While cleaning out a closet that had become nothing more than a container for junk that I had refused to throw away for "sentimental" reasons, I came across some old baseball cards I’d saved from the 1980s. Rather than pitch them into the trash pile, or placing them up for sale on eBay (I’m saving them for my son because they’ll be valuable one day, right?), I decided to sit down and look at them.
You know, a little stroll down amnesia lane.
As I thumbed through all of the old names – George Hendrick, Frank Tanana, Tippy Martinez, Chet Lemon, Ron Cey, etc., etc. – it felt like it was 1985 again and there was nothing to worry about.
But there were two things that were particularly revealing about those dusty old cards. Firstly, let’s hope that there is never a '80s retro trend. For anyone who survived the style trends of this particular era of our culture, you know exactly what I’m talking about. For those of you still hanging on with the hope that parachute pants make a stylish comeback, God bless you.
Secondly, and more importantly, the most fascinating part about looking at those baseball cards was how skinny the players looked. It wasn’t an unhealthy skinny where it appeared as if the ballplayers needed to chow down on a few more carbohydrate-heavy dinners, but it was a fit skinny. Though dressed in those crazy uniforms for the bright colors zooming at you from all angles, the players looked athletic – like a college miler or someone who spends three-quarters of their time at the gym on cardio instead of the weights.
It’s a look that is nearly non-existent amongst the current crop of ballplayers, and, certainly, no explanation is needed. With the curious case of one-time Phillie Jason Grimsley suddenly dominating all the seedy chatter about baseball these days, as the Steroid Era finally enters into the darker, uglier Human-Growth Hormone Era, it was striking to see the 20-year old images of sluggers Dave Kingman and Jack Clark.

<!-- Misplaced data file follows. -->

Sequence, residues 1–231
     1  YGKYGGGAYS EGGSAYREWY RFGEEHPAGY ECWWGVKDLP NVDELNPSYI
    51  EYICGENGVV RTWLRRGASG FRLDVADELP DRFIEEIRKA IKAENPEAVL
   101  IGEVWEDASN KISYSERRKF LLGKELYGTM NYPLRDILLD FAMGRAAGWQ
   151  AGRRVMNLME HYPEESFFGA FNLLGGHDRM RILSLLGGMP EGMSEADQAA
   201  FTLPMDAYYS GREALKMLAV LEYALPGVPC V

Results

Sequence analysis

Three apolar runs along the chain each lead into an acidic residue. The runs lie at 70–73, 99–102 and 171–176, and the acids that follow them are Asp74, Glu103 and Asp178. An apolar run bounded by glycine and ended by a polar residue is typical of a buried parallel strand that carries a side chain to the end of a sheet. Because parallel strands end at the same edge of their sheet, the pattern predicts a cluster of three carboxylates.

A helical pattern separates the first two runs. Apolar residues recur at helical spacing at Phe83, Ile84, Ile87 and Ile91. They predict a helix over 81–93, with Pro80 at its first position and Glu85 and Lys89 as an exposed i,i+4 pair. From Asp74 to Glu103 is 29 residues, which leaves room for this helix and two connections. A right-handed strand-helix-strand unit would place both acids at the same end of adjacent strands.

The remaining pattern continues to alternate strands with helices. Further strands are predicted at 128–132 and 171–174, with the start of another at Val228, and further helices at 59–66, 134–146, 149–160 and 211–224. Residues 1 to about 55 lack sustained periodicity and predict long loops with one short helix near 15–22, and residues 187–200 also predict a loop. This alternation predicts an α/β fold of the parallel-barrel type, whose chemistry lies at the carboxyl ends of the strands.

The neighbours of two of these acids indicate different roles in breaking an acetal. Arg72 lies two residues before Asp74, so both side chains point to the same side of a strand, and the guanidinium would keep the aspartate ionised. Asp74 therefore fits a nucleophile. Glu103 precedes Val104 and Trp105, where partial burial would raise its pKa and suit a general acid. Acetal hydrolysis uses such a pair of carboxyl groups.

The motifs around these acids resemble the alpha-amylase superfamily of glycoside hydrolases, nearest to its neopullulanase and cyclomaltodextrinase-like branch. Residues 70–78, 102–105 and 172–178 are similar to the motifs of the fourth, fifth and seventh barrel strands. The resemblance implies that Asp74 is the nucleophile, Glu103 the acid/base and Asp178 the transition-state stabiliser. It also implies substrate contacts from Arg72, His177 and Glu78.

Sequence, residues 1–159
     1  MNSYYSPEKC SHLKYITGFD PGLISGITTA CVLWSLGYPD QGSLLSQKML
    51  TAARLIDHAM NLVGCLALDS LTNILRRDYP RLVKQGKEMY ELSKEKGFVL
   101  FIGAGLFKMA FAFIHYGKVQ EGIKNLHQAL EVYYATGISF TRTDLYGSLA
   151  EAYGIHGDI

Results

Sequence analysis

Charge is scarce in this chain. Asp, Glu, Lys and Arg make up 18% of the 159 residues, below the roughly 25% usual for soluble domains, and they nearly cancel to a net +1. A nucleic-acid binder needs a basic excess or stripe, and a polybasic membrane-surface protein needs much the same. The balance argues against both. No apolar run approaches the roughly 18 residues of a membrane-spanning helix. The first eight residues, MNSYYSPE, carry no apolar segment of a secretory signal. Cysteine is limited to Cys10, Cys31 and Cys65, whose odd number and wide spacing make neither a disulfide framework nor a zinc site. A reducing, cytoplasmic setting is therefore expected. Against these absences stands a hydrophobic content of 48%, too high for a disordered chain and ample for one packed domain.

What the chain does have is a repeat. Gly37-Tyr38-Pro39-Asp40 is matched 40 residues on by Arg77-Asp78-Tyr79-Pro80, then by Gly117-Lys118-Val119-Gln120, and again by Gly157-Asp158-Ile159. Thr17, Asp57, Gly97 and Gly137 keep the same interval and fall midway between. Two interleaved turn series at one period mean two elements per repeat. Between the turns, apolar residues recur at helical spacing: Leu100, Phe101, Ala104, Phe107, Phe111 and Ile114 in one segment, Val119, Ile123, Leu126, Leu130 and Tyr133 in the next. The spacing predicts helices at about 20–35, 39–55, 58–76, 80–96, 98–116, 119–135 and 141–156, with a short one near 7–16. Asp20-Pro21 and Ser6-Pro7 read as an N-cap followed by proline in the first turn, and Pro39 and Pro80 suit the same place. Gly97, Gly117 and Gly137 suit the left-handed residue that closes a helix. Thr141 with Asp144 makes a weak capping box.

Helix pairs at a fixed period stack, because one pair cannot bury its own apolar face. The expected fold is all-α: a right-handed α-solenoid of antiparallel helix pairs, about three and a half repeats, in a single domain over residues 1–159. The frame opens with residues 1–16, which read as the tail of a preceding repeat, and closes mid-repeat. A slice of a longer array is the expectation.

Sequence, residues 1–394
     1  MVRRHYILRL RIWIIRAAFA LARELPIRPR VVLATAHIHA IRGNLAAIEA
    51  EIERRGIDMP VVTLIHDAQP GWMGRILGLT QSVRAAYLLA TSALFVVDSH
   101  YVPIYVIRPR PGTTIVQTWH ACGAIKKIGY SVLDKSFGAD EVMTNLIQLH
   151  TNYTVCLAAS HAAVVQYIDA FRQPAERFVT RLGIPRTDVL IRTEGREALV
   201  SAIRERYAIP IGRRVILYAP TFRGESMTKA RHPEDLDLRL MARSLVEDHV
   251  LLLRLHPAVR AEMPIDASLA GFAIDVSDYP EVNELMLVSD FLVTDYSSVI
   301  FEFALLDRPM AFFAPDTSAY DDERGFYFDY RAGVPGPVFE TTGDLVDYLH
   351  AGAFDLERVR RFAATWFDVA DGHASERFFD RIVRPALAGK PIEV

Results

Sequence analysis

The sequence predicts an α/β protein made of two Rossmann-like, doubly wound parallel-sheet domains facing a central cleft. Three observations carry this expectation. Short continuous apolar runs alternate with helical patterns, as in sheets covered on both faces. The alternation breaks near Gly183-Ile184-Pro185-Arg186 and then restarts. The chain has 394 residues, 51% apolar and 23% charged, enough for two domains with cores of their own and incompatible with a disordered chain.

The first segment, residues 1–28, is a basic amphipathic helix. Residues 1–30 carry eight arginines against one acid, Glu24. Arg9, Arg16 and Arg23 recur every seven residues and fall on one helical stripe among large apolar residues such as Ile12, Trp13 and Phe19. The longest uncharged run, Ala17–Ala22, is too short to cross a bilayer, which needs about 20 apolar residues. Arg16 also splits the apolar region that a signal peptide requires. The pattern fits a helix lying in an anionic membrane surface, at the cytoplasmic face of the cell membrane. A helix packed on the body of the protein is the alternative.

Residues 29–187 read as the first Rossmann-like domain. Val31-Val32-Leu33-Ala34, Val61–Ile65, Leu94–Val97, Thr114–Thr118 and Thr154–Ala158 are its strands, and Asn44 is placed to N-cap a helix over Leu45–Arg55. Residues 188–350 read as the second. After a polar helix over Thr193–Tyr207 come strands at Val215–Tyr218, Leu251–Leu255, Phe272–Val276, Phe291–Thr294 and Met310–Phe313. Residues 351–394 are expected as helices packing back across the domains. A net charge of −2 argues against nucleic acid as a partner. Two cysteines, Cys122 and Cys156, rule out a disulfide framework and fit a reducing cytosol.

Kingman and Clark, as followers of baseball remember, were two of the most-feared home run hitters of their era. At 6-foot-6 and a wispy 200 pounds, Kingman was known as "King Kong" for routinely bashing 30-plus homers per season and for smacking the ball a long way. In 1985, Clark was slugger and catalyst for the St. Louis Cardinals and such a power threat that he often walked more times during a season than he reached base on a hit.
But during that ’85 season in which Clark struck a menacing fear into all pitchers, he hit just 22 home runs, and during his 18-year career Clark hit more than 30 homers just once. In 24 combined big league seasons, Clark and Kingman reached the 40-homer plateau just once.
These were your sluggers, folks. And yes, both players were blade thin.
In fact, Clark and Kingman had the same type of physique as second baseman Chase Utley, a strong hitter who smacked 28 homers a season ago and is on the way to duplicating that total this season. Those are definitely strong statistics, but how many people would consider Chase Utley a home run hitter? Right. Not many.
So what exactly then is the point? That strength training, nutrition, performance-enhancing drug abuse, and fashion sense has come a long way in 20 years? That baseball’s statistics are about as valuable as the paper they’re printed on? Yes, we already knew that.
But what about this: baseball, like those old cards buried in the back of a closet, is a fun diversion. A night at the ballpark or in front of the tube watching a game and talking about the strategy, the players and those forgotten heroes is a pretty good way to spend an evening. And based on attendance figures and TV ratings, a lot of other people think so, too. Even with Congressional hearings where nothing meaningful was learned about steroid abuse other than a few ballplayers were less than honest, or an investigation and the chance that one of the game’s most prolific sluggers might have perjured himself in front of a federal grand jury, interest in the game has not waned.
Perhaps Phillies catcher Sal Fasano is correct when he says the only thing he remembers turning off the fans from the game was the strike in 1994.
"We know the substances are being used, and we know baseball is doing what it can to clean it up," said Fasano before last Thursday’s game at RFK Stadium in Washington, D.C., just two miles away from where the Congress vowed to "clean up" baseball. "But do fans want to hear about it all the time? I don't know."
A night out, some good and affordable food and maybe even a few homers from the home team… what’s better than that?
Who cares if King Kong is the same size as the second baseman?